Lying at the eastern end of the Mediterranean Sea, with Syria to the north and Israel to the south, Lebanon has been at the centre of many Middle East conflicts. Following the 1975-90 civil wars, its government stockpiled debt on account of its bid to reconstruct its damaged infrastructure. The country’s public debt is estimated at more than 150% of GDP in 2017, according to the IMF. Seven years into the Syrian crisis, the conflict has aggravated Lebanon’s economic plight, with the country receiving an estimated total of 1.5 million refugees since 2011. This has further exacerbated the economic slowdown and intensified social unrest in Lebanon. Despite the recovering from its political issue, IMF expects the country’s economic growth to remain low, at around 1.5% in 2018.
The Lebanon Crisis Response Plan (LCRP) 2017-2020 was launched jointly by the Government of Lebanon and its international partners such as United Nations High Commissioner for Refugees (UNHCR), UNICEF and WHO, in effort to respond to the challenges arising from the refugee crisis, provide assistance to both the refugees and Lebanese, and reinforce the country’s economic and social stability. LCRP received more than US$1 billion funding in 2017, from pooled funds such as Lebanon Humanitarian Fund (LHF), the Multi-Donor Trust Fund (MDTF) managed by the World Bank, and governments of the United States and Germany. Safer water access to more than 1.3 million individuals has been achieved and almost half of the funding has been injected into the Lebanese local economy while the remaining is used to finance some stabilisation and humanitarian projects. In 2018, LCRP appeals for US$2.68 billion funding with the objectives to protect vulnerable populations and achieve social stability.
The Lebanese economy is service-oriented, functioning as a financial hub for the Middle East, thanks in part to its free market system and banking secrecy laws. Services account for 73% of Lebanon’s GDP, followed by industry (21%) and agriculture (6%). Banking and tourism are the two important pillars in the services industry. Tourism has seen slight recovery with 10.9% yoy increase on tourist arrivals in the first 11 months of 2017 and hotel occupancy rates averaged at 64.4%, the highest since 2010.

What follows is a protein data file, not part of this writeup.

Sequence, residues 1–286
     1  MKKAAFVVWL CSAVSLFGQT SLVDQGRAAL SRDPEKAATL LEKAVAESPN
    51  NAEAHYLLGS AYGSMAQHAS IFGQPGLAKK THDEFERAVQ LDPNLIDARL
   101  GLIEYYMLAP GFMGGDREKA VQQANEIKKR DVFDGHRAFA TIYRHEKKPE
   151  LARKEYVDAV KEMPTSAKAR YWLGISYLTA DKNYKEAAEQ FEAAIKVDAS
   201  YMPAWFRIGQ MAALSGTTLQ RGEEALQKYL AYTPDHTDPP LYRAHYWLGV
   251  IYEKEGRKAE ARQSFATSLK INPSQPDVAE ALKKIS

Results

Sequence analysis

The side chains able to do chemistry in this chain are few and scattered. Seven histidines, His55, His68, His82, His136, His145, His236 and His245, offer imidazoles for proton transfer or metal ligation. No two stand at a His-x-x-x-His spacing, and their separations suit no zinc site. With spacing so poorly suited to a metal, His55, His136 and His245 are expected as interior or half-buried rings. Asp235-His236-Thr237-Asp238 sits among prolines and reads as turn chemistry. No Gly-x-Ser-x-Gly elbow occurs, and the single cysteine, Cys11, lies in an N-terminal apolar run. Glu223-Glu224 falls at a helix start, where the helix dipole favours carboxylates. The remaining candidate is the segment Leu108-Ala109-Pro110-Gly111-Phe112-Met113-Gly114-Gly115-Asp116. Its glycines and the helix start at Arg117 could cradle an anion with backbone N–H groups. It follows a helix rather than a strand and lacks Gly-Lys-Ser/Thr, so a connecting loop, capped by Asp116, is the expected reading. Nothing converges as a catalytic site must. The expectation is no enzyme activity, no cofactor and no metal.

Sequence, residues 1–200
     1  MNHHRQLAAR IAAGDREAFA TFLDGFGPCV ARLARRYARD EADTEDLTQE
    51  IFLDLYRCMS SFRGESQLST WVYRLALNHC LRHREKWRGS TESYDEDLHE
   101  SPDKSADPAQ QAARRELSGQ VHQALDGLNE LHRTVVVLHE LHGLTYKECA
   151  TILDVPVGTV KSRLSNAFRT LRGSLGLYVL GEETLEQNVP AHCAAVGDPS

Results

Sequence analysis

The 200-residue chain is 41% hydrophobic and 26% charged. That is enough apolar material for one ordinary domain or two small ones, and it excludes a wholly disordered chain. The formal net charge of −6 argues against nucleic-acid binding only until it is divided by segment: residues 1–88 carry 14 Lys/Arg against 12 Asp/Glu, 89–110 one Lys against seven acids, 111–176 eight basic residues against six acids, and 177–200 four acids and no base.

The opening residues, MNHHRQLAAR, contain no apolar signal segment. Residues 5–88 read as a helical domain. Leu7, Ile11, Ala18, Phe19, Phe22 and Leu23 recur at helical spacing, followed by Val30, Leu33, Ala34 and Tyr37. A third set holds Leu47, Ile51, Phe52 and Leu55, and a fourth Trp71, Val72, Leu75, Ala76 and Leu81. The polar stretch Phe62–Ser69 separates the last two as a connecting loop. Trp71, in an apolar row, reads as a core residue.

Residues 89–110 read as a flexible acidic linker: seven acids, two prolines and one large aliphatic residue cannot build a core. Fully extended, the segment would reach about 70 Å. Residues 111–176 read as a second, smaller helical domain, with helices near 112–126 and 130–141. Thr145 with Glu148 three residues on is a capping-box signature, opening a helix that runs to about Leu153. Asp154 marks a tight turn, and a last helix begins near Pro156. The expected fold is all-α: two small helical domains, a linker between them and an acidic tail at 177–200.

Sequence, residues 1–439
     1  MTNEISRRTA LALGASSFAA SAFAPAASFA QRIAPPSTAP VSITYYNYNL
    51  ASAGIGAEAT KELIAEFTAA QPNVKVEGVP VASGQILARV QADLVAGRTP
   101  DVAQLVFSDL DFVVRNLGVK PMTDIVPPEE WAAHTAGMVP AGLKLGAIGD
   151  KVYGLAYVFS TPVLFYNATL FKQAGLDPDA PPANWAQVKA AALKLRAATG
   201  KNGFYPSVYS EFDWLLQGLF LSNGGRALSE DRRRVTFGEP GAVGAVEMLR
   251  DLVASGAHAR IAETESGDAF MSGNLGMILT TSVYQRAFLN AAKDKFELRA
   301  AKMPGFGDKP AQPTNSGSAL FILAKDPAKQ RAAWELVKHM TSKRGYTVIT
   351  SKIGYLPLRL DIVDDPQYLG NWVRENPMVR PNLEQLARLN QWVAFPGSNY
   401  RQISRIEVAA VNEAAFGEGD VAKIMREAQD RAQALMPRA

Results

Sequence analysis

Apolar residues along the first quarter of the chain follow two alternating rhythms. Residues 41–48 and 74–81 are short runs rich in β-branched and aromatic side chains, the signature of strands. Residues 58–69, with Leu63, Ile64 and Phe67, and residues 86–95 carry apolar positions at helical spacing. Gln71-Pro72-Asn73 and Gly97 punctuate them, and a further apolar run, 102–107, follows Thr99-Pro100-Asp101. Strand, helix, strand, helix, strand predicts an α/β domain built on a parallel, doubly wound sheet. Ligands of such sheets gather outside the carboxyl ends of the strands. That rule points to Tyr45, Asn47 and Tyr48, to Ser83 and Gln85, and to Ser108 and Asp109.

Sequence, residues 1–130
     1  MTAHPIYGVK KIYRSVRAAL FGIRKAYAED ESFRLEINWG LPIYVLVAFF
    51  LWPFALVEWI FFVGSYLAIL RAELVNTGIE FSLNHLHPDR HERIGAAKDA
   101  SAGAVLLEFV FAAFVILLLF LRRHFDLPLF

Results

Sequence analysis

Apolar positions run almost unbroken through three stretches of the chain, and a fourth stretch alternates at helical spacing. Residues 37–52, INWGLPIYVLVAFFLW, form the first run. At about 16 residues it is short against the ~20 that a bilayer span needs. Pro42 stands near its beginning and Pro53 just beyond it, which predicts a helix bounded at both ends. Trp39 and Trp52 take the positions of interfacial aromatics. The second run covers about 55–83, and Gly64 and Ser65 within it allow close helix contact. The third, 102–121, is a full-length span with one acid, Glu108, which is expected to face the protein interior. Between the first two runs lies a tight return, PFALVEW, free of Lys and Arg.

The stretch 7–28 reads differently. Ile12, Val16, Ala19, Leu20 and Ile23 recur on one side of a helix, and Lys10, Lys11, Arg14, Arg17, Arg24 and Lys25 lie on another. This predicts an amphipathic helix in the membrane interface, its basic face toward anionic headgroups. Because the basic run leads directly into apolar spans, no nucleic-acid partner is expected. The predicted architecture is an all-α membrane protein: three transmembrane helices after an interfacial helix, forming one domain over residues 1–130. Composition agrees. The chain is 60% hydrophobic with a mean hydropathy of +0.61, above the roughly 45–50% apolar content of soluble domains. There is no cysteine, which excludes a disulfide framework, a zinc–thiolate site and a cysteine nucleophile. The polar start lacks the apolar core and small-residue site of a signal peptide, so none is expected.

The election of President Michel Aoun in October 2016 after a presidential vacancy of more than two years, along with the subsequent formation of a unity government, is seen as helping political stability and conducive for a recovery in inward FDI. Yet, a number of the major economic reforms in Lebanon have been put on hold in light of the Syrian war and the continual violence in the country. In November 2017, the sudden resignation of Prime Minister Saad al-Hariri has negatively impacted Lebanese economic stability and put pressure on its foreign exchange reserves.
Lebanon’s central bank will continue with its stimulus package in 2018 by providing subsidised loans to key sectors such as industry, agriculture and technology in order to spur growth. Following its latest consultation with Lebanon, the IMF recommended a consolidation strategy under which the country should work towards fiscal consolidation while putting its debt repayments on a sustainable path.
Lebanon imports mineral fuels, food and beverages, electrical/electronic and pharmaceutical goods as well as cars, mostly from China, Italy, France, the US and Germany, while exports jewellery, chemicals and consumer goods, mostly to South Africa, the Gulf states and Switzerland. China has remained the largest import source of Lebanon since 2013.
Lebanon is a member of the WTO and the Greater Arab Free Trade Area (GAFTA). Its import tariffs are among the lowest in the Middle East and North Africa (MENA) (under 5% for most items). It has signed free trade agreements with many trade blocs, including the EU, European Free Trade Association, Gulf Co-operation Council (GCC) and the Mercosur. In April 2016, Lebanon joined the Agadir Free Trade Agreement (AFTA) to gain greater access to the EU market (other AFTA members include Egypt, Jordan, Morocco, Tunisia and Palestine).
Lebanon has expressed a keen interest in China’s Belt and Road Initiative, seeing itself as a gateway to the Arab world. Al-Fayhaa Union of Municipalities, a union of three municipalities in Lebanon, signed an agreement with the Silk Road Chamber of International Commerce (SRCIC) in November 2017 for an active role in the BRI.
The Investment Development Authority of Lebanon (IDAL) is the investment promotion agency of Lebanon. Focused sectors for investment promotion include agriculture, agro industry, industry, information technology, media, technology, telecom and tourism. Information on investment climate and incentives provided is available on IDAL’s website.
Despite continual regional disturbances, Lebanon’s inward FDI increased by 9% to US$2.56 billion in 2016. Cumulative FDI reached US$61 billion as of 2016, up from US$44.3 billion in 2010. According to China’s Ministry of Commerce, China’s FDI stock in Lebanon in the period of 2010-2016 increased from US$2.01 million to US$3.01 million.